Joe Biden’s presidential campaign is gearing up a rural campaign effort that’s designed to look more like Barack Obama’s winning campaign in 2008 than Hillary Clinton’s historically poor showing in rural districts that cost her critical swing states.
Former Vice President Joe Biden used Earth Day to press his call for sweeping government action to curb climate change and assured young voters he was “listening” to their concerns about the environment.
Bernie Sanders, whose ideas for transforming the economy extended to his views on farm and rural policy, ends his presidential campaign but claims victory for his ideology while pledging to support Vice President Joe Biden.
There’s interest on Capitol Hill and in the White House in an infrastructure package as part of the coronavirus recovery effort, but that interest will have to overcome the skepticism of Senate Majority Leader Mitch McConnell.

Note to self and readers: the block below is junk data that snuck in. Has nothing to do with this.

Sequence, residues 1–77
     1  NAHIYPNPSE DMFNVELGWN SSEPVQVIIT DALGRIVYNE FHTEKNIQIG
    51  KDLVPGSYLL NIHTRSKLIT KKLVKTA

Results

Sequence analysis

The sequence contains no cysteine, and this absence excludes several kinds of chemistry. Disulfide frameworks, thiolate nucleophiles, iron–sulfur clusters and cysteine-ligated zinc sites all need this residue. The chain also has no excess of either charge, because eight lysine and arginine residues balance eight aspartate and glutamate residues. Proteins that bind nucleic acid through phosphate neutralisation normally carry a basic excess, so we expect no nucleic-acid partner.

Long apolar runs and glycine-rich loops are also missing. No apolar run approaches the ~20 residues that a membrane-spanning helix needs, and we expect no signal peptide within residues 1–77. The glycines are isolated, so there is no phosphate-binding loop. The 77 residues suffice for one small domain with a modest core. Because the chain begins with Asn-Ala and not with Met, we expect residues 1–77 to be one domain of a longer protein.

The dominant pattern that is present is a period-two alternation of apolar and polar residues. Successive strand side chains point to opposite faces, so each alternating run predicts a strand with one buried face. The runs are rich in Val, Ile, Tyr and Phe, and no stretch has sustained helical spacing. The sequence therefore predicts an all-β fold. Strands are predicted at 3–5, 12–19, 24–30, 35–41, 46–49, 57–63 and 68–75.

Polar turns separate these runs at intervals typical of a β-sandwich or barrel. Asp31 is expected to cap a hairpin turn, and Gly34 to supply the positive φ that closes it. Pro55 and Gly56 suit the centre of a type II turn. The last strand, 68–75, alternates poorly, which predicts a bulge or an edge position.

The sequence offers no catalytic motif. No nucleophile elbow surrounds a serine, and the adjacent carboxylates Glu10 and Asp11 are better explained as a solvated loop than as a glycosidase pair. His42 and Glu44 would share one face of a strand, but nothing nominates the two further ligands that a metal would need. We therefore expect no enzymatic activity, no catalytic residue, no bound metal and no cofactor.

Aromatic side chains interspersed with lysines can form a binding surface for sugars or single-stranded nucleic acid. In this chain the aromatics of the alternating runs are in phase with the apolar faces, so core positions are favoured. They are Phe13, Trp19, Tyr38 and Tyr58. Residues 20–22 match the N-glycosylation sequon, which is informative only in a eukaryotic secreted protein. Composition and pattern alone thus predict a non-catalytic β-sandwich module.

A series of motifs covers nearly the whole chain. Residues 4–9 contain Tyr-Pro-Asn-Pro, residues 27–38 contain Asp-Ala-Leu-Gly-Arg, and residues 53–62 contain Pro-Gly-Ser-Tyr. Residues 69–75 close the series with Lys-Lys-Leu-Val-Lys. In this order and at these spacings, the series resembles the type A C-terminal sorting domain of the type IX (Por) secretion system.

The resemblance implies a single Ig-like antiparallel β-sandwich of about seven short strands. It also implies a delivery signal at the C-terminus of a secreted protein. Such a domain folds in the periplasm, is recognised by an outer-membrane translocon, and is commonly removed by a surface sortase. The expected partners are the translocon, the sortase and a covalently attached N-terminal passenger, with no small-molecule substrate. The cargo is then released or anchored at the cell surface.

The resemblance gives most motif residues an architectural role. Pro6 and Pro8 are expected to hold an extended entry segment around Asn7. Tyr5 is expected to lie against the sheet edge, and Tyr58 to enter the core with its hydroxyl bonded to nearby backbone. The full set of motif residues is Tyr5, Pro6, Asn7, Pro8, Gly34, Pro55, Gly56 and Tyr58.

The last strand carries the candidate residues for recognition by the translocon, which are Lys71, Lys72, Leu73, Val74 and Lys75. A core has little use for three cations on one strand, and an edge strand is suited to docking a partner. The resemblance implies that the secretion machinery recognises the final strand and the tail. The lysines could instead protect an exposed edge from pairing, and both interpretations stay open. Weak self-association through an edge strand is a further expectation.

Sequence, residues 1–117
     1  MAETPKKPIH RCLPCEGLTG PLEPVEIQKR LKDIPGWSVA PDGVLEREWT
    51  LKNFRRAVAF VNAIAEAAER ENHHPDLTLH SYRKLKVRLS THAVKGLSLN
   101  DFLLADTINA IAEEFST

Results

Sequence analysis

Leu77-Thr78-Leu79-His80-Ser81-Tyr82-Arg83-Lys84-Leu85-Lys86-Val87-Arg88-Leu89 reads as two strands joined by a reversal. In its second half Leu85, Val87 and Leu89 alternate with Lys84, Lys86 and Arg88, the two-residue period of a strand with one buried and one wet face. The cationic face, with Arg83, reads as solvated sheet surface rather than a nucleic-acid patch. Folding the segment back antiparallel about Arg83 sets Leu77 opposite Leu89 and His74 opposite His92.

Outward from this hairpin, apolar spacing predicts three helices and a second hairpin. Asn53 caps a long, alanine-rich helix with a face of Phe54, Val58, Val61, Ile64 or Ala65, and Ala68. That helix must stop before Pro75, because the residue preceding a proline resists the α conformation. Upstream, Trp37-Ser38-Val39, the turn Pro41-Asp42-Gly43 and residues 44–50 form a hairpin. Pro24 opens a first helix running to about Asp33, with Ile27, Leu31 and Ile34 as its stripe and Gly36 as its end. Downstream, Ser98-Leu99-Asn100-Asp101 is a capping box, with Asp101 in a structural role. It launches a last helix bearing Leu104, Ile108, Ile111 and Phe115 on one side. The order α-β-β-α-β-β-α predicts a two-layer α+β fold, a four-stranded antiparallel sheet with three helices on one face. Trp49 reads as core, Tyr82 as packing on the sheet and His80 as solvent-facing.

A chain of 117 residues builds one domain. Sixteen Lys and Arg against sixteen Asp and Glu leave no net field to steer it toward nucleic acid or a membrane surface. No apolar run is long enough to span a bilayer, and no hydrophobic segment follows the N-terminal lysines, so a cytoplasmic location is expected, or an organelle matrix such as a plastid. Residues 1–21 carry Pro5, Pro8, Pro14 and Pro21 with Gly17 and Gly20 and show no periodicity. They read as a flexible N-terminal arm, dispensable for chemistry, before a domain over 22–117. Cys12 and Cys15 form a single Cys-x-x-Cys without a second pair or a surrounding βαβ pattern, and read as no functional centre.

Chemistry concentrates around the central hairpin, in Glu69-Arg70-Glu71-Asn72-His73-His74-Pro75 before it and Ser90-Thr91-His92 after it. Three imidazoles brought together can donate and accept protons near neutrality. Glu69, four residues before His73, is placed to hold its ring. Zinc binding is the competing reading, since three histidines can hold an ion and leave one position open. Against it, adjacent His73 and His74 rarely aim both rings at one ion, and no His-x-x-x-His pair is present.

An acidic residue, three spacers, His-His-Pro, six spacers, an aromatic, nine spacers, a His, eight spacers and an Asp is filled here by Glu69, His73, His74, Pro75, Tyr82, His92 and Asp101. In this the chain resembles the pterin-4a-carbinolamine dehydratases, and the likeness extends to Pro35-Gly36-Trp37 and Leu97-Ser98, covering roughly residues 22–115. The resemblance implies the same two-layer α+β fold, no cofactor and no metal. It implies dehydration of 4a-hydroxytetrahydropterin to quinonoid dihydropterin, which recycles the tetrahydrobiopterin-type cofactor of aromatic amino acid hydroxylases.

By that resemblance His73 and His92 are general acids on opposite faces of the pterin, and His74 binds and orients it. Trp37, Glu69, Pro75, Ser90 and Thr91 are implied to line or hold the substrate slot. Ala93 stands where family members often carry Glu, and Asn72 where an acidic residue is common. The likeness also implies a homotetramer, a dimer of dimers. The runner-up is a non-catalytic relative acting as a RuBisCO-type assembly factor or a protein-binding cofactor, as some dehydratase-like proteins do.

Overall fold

Democratic presidential candidates are promising big fixes to the nation’s roads, bridges, and waterways through massive trillion-dollar infrastructure plans but are balking at the idea of raising the federal gas tax.
Hoping to win back rural voters this year, the leading Democratic presidential candidates are providing detailed proposals to shore up farm income ranging all the way from boosting commodity program rates to imposing New Deal-style supply controls.